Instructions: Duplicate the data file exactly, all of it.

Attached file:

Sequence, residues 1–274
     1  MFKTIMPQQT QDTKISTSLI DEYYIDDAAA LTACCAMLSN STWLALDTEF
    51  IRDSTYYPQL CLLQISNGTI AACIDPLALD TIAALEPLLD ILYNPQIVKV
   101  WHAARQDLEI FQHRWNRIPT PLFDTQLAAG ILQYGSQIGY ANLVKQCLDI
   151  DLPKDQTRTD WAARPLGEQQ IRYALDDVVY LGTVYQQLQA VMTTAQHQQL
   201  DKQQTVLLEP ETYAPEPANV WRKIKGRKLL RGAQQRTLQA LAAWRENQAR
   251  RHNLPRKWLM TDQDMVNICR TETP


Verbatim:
Sequence, residues 1–274
     1  MFKTIMPQQT QDTKISTSLI DEYYIDDAAA LTACCAMLSN STWLALDTEF
    51  IRDSTYYPQL CLLQISNGTI AACIDPLALD TIAALEPLLD ILYNPQIVKV
   101  WHAARQDLEI FQHRWNRIPT PLFDTQLAAG ILQYGSQIGY ANLVKQCLDI
   151  DLPKDQTRTD WAARPLGEQQ IRYALDDVVY LGTVYQQLQA VMTTAQHQQL
   201  DKQQTVLLEP ETYAPEPANV WRKIKGRKLL RGAQQRTLQA LAAWRENQAR
   251  RHNLPRKWLM TDQDMVNICR TETP